ADMINISTRATIVE PROCEEDINGS P la in tif f was twenty-one years old at the time of the hearing before the ALJ and had
a ninth grade education. (Tr. 3 & 32). Plaintiff's only past work experience was as a parttim e laborer. (Tr. 34). Following the administrative hearing, and employing the five-step p ro c e ss , the ALJ found Plaintiff had not engaged in substantial gainful activity since the a p p lic a tio n date of February 22, 2006 (Step 1). (Tr. 14). At Step 2, the ALJ found that P la in tif f suffers from the following severe impairments: seizure disorder; epilepsy; a learning d isa b ility in the area of math; a depressive disorder; a mood disorder; and a personality d is o rd e r (Tr. 14). The ALJ then found that Plaintiff does not have an impairment or c o m b i n a tio n of impairments that meets or medically equals one of the listed impairments (S te p 3). (Tr. 15-17). Next, the ALJ found that Plaintiff retained the residual functional c a p ac ity to perform a range of unskilled work at all exertional levels that did not involve, " h az a rd o u s activities, such as working around moving equipment; operating automotive e q u ip m e n t; climbing ladders, ropes, and scaffolds; and working around unprotected heights a n d open water." (Tr. 17). The ALJ also determined that Plaintiff had no past relevant
w o r k , (Tr. 21), and, using the grids, found that Plaintiff could perform jobs that exist in s ig n if ic a n t numbers in the regional and national economy (Step 4). Accordingly, the ALJ determined that Plaintiff is not disabled. (Tr. 22). (Tr. 21-22).
P L A I N T I F F 'S CLAIMS P la in tif f raises four issues for this court's consideration: (1) "[w]hether the ALJ erred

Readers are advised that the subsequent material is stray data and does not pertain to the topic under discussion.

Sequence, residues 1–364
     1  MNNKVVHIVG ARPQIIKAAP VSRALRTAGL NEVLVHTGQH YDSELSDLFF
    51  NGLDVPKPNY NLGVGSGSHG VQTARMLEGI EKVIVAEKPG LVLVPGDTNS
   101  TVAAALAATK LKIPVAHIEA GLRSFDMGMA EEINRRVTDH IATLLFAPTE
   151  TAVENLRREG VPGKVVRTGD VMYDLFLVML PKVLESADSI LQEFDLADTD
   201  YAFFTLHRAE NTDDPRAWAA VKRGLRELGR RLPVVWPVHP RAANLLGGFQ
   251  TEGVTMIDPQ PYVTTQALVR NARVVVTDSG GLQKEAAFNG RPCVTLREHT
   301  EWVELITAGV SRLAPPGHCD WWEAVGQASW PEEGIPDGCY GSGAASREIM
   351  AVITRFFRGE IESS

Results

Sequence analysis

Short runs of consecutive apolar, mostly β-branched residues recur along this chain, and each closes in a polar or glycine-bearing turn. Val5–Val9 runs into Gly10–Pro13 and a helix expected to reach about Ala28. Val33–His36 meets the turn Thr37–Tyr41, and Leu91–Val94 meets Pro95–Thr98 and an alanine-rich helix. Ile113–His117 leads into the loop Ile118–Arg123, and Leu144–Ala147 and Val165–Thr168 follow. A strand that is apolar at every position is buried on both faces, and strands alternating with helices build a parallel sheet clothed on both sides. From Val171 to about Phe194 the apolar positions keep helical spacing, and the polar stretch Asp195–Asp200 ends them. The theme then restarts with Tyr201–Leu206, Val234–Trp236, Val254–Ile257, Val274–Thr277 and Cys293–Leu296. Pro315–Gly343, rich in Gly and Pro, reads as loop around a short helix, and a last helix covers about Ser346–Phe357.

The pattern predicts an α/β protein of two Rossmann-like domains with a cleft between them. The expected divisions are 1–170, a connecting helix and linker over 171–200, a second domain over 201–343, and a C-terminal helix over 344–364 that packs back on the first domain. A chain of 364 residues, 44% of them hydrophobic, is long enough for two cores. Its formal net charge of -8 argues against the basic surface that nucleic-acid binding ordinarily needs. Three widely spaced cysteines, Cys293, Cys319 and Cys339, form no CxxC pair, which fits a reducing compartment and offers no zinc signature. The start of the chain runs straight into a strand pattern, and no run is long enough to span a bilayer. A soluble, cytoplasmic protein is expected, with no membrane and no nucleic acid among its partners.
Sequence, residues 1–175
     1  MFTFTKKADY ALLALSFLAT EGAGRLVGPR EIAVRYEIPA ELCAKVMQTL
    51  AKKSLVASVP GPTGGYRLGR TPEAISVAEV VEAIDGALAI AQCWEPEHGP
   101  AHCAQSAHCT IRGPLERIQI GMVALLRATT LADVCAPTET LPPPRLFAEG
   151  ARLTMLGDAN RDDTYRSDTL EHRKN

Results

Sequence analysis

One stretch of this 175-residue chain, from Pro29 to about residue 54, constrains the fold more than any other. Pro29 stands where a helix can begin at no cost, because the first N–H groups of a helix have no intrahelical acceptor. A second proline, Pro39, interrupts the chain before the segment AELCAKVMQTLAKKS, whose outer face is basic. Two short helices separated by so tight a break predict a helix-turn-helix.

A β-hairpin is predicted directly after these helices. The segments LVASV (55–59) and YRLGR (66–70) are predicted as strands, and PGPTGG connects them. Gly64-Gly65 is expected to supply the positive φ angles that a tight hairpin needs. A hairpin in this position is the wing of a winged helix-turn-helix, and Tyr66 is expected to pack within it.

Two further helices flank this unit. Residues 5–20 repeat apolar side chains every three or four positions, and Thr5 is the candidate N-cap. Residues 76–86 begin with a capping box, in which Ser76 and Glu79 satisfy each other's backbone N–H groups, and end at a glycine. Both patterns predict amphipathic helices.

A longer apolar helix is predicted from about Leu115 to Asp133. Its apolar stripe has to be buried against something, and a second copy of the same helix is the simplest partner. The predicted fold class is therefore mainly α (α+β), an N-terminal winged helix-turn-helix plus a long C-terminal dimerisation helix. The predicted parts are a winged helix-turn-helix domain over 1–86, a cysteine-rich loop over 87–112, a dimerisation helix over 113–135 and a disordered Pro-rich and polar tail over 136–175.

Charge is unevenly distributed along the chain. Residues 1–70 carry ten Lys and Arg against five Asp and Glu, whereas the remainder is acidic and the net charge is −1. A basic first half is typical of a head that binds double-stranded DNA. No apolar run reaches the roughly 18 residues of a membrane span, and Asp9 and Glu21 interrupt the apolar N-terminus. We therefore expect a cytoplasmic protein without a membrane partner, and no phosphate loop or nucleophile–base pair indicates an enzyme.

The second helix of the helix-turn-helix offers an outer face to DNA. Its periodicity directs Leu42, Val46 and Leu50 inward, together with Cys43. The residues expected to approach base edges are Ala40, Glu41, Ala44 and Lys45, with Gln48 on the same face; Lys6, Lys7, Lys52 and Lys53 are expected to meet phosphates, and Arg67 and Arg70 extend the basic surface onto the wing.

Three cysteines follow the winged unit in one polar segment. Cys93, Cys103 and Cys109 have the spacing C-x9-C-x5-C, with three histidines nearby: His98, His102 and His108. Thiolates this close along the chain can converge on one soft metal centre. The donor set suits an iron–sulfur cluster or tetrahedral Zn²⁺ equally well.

b y relying solely on the Medical Vocational Guidelines;" (2) "[w]hether the ALJ failed to m a k e the required specific finding as to the cumulative effect of [Plaintiff's] impairments;" (3 ) "[w]hether the ALJ erred by failing to state the weight he afforded to the different m e d ic a l opinions; (4) "[w]hether [Plaintiff's] timely submission of new and material e v id e n c e warrants remand." Pl.'s Brief (Doc. #11) at 1. The court will address these claims in turn. V. DISCUSSION A. W h e th e r the ALJ erred by relying solely on the Medical Vocational G u i d e lin e s
Plaintiff argues that, due to his nonexertional limitations, the ALJ improperly relied o n the grids. Plaintiff also argues that, as a result of the ALJ's improper reliance on the g rid s , he also failed to solicit the services of a VE and to articulate specific jobs that Plaintiff c o u ld preform. In contrast, the Commissioner argues that, because the ALJ determined P la in tif f 's exertional and nonexertional limitations did not erode the occupations base, e x c lu s iv e reliance on the grids, and thus failure to call a VE and articulate specific jobs, was n o t error. "The general rule is that after determining the claimant's RFC and ability or inability to return to past relevant work, the ALJ may use the grids to determine whether other jobs 6